Garvin County's sheriff is hoping one more big step has been taken toward his jail being able to someday offer medical services right there on-site.

Sheriff Larry Rhodes got two Garvin County commissioners' support this week to get contract negotiations started with a local physician recommended to provide the service right there in the county jail in Pauls Valley.

Commissioners Johnny Mann and Stan Spivey gave the OK for county counsel Carol Dillingham to begin contract discussions with Dr. Dennis Whitehouse. District 2 Commissioner Gary Ayres was not present.

Whitehouse, who has for several years provided off-site medical services for inmates, is being considered as the entity chosen to move those services into the jail.

“I see this as a priority – direct medical care in the jail,” Rhodes said during a weekly commissioners' meeting Monday.

“Not only would this make the jail better but it's about reducing risk.

“We just need this service in this jail. How do you put a value on providing medical in that jail.”

Whitehouse is one of three original bidders for the jail service.

The sheriff says he has renegotiated with all three and is comfortable with any of them being selected for this service.

Along with Whitehouse, the others are Pauls Valley General Hospital and Turn Key Health, a company specializing in overseeing medical care for jails.

Rhodes is recommending the bid from Whitehouse for $117,396 a year because it's the lowest of the three.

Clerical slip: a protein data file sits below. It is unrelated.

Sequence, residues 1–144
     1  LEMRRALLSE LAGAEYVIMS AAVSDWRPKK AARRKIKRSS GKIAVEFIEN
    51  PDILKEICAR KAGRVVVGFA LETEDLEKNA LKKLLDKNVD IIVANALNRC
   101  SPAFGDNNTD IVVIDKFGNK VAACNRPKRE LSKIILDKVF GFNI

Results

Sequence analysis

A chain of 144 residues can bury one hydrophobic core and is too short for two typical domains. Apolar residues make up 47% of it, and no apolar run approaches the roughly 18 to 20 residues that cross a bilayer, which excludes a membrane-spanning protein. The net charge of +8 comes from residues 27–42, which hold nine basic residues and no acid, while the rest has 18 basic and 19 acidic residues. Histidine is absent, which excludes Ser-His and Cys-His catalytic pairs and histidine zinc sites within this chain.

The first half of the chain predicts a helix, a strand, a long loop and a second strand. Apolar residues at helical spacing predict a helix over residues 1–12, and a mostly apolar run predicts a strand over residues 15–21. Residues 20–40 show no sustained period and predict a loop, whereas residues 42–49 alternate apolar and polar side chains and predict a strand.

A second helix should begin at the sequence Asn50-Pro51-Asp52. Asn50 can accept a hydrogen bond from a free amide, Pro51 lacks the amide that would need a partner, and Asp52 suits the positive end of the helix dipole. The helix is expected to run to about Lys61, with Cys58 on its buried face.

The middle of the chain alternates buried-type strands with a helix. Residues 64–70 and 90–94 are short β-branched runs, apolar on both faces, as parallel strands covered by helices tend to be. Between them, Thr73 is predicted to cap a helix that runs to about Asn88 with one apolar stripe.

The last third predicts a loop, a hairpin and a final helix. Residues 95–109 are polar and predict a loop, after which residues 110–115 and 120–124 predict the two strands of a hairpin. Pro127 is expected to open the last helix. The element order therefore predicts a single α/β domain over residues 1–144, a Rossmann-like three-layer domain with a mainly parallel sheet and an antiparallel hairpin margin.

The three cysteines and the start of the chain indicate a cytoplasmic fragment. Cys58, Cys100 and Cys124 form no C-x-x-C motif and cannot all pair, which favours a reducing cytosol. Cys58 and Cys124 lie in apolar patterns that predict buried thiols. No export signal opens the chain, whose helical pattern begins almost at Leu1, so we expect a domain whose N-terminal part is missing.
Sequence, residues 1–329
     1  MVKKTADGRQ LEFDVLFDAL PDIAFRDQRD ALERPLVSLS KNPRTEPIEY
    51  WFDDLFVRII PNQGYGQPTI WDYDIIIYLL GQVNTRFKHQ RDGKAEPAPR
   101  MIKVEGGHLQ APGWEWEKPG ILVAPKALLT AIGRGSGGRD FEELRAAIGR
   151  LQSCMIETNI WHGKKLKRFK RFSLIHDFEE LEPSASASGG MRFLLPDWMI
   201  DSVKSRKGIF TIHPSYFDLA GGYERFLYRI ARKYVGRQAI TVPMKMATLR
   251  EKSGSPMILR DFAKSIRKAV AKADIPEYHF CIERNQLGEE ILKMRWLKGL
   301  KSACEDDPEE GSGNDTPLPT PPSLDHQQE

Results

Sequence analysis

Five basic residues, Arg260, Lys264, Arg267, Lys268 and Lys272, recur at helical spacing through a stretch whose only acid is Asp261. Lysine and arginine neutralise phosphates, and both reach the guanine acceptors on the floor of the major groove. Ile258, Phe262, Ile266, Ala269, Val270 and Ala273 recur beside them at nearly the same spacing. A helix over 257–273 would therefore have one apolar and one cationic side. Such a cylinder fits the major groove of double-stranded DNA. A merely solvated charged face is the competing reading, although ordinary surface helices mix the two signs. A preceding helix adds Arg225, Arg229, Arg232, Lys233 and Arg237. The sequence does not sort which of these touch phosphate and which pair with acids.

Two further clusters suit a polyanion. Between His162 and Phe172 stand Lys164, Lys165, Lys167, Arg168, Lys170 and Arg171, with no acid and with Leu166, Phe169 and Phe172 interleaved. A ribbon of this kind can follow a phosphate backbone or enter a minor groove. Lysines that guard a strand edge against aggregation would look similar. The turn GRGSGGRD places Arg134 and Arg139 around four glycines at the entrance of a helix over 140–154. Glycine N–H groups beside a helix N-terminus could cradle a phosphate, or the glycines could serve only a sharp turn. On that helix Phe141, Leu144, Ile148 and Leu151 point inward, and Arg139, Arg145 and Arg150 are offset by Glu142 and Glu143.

For the past several years Whitehouse has been contracted to provide medical services for inmates but not at the jail itself. Currently those services are provided away from the jail facility in PV.

“This will provide 24-7 medical services on site in jail,” Rhodes said, adding a medical professional will be in the jail, diagnosing and prescribing medications for inmates, while a physician, in this case Whitehouse, will be on call whenever needed.

“Right now we have to go off-site. It's a safety issue.”

Much of the costs today involves transporting inmates to hospitals and off-site medical clinics.

The hope is to bring those costs down and make the whole process more efficient by hiring an outside agency to provide most of the services right there at the jail facility.

As is the case now the more serious health conditions will still result in inmates being taken to an outside medical facility.

“Based on what I've seen in other counties over 90 percent of the stuff gets handled right there in the jail,” Dillingham said.

Rhodes told commissioners his own department's budget could provide up to $50,000 for the cost, which he said is “breaking even” for him.

To put it in perspective the sheriff said there were 81 inmates in the county jail on Monday, which is on the high side.

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